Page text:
Measure 104 is how corporations and special interest groups hope to keep their tax loopholes

September 5, 2018By Juan Carlos Ordóñez

[This commentary was first published in The Oregonian on September 5, 2018.]

In 2015, Google came knocking in Salem. One of its divisions, Google Fiber, was going around the country peddling its new gigabit broadband service. Google sent its lobbyists to work, and in Oregon they earned their keep: Lawmakers approved a new property tax break tailored for Google Fiber.

But things didn't play out as planned. Google Fiber fizzled. And the tax break created with Google in mind turned out to be loosely drafted and exploitable by others. Comcast alone stood to reap a windfall worth $15 million a year, with schools and local services bearing the cost. Earlier this year, the Oregon House voted to repeal the tax break, but the bill -- worked on by Comcast's lobbyists -- died in the Oregon Senate.

Next time that the Legislature meets in 2019, it may be much harder to repeal the ill-considered Google gigabit tax break. That's because Measure 104 on the November ballot threatens to create a constitutional obstacle to getting rid of wasteful tax breaks.

Right now, it takes a simple majority of lawmakers to reform or repeal a tax break. It takes 31 out of a total of 60 house members and 16 out of a total of 30 senators to make it happen. That's the same number of legislators it takes to create a tax break.

Measure 104, however, would raise the bar higher. The measure would change Oregon's Constitution to require a supermajority -- three-fifths -- of lawmakers in each chamber to reform or repeal a tax break. As few as 13 senators beholden to special interests could derail an effort to end a wasteful tax break.

Oregon's tax code already contains more than 350 tax loopholes and subsidies. There are tax breaks written with specific companies in mind, like Google. There are tax breaks that benefit big dairy farmers, the film industry and owners of mobile parks. There is a tax break that subsidizes the purchase of vacation homes and a tax break where most of the benefits go to business owners making over half-a-million dollars a year. The list goes on.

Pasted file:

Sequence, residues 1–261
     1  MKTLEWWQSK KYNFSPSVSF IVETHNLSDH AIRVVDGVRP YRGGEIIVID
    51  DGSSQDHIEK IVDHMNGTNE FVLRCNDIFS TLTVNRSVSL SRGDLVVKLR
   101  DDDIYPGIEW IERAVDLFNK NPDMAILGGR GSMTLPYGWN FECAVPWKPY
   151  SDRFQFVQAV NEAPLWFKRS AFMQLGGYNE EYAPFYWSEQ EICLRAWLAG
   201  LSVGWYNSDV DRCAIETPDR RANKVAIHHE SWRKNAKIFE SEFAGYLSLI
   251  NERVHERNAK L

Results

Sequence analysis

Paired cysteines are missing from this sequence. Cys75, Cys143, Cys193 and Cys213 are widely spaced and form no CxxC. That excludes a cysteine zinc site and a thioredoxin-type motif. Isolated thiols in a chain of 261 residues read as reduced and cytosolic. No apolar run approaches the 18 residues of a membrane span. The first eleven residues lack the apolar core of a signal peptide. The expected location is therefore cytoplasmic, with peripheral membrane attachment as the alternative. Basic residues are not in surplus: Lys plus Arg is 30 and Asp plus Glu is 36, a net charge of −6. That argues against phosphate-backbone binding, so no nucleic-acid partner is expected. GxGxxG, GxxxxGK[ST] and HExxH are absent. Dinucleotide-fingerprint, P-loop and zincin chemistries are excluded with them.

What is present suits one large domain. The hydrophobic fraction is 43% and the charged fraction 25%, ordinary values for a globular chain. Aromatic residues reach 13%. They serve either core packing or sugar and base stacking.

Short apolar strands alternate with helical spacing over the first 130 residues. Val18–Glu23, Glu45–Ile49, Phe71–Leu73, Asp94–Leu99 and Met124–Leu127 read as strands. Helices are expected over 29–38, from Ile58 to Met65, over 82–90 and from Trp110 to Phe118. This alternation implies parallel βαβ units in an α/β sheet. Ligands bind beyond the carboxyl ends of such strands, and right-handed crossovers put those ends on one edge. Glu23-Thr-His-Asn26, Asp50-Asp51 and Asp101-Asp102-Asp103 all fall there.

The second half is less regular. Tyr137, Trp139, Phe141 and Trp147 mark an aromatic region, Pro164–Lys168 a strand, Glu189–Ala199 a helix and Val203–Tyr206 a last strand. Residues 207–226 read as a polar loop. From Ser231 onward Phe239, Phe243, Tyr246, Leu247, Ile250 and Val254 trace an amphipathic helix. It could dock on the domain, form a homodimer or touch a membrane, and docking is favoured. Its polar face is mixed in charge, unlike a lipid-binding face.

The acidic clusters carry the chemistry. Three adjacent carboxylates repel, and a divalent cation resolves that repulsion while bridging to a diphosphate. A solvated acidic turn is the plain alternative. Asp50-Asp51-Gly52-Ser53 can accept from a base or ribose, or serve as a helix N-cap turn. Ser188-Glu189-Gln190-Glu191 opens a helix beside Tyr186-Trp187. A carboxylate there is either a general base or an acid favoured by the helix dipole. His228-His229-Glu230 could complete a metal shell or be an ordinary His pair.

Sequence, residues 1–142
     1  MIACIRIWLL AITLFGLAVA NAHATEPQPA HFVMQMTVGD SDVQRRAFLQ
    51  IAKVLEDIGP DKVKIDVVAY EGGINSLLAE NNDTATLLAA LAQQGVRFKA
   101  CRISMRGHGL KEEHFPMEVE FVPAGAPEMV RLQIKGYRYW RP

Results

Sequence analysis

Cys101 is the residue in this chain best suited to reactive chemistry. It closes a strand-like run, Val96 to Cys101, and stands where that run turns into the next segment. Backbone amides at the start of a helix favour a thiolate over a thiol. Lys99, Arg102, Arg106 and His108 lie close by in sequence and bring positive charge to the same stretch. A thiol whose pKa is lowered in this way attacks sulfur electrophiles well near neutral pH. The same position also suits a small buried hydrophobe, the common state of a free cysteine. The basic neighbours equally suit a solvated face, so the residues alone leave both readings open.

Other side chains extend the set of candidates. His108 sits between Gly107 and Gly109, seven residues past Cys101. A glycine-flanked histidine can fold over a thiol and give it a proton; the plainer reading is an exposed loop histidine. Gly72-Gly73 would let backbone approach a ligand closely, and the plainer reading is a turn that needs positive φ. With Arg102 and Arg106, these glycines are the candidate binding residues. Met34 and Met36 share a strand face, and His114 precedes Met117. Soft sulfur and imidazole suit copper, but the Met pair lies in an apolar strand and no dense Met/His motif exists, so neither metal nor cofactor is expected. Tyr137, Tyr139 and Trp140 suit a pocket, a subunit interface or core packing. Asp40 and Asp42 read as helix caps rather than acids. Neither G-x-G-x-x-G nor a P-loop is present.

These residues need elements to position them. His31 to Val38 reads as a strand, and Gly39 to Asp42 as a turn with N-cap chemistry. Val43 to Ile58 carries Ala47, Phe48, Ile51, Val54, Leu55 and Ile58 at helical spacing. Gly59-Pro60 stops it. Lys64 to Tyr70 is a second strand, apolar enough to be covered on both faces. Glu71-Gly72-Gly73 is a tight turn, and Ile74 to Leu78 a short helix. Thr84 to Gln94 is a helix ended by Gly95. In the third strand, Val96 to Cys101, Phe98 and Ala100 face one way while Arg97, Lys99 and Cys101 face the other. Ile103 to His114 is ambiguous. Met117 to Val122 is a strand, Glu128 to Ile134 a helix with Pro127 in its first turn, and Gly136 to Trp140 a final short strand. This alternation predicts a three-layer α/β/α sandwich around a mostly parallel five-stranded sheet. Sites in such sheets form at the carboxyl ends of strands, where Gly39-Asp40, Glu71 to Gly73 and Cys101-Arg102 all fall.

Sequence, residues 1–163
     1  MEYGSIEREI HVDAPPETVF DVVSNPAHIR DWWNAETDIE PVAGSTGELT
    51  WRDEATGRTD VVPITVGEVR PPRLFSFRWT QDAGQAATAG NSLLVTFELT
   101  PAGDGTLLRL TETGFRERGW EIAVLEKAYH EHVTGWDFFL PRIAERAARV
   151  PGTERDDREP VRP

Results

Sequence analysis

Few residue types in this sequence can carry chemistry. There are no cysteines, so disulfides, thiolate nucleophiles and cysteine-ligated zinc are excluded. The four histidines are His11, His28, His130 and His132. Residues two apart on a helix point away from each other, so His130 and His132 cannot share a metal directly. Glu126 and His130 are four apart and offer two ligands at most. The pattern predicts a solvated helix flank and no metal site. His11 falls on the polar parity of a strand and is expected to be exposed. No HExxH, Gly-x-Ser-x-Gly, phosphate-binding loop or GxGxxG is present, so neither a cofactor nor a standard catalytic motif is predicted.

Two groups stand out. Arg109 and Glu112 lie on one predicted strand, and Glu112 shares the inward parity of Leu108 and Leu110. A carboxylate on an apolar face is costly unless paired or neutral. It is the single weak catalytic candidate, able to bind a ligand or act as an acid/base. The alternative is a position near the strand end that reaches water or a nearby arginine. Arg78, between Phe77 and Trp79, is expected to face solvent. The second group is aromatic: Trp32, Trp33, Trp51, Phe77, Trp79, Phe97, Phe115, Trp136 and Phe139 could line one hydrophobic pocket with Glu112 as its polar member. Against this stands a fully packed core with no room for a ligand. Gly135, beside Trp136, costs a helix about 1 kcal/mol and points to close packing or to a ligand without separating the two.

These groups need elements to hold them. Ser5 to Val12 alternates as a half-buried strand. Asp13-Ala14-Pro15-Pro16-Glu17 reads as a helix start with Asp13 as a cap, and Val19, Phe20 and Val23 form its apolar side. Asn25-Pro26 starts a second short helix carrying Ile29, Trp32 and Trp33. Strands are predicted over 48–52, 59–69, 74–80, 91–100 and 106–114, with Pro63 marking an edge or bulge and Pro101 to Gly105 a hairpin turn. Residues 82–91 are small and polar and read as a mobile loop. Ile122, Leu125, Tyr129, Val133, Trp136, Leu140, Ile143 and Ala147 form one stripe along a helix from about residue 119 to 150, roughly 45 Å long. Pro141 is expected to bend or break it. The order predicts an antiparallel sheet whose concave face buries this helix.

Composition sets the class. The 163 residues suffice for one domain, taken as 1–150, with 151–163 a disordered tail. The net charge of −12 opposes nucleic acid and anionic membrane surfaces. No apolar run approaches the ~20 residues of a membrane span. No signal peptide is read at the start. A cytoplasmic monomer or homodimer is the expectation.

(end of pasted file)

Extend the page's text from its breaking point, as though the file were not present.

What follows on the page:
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That's not to say that all tax breaks are bad. Some are efficient ways to fulfill an important public policy goal. The Earned Income Tax Credit, for example, is a proven way to help low-income working families make ends meet.

But many tax breaks amount to nothing more than giveaways to powerful interests. Indeed, as CityLab's Richard Florida explains, there is a "wide body of research on the wastefulness of business incentives," whose main effect "is simply to deplete a community's tax base."

The Google gigabit episode is only a recent example of a poorly crafted tax break. There are others, including the infamous Business Energy Tax Credit, which saw its price tag balloon and give rise to a corruption scandal.

In short, making it harder to reexamine tax subsidies and discard them if necessary - as Measure 104 would do - is a terrible idea. It would allow a minority of lawmakers to ignore the will of the people, while transferring even more political power to corporations and special interest groups.

This November, voters can protect Oregon's Constitution and reject the special interest power grab by saying "no" to Measure 104.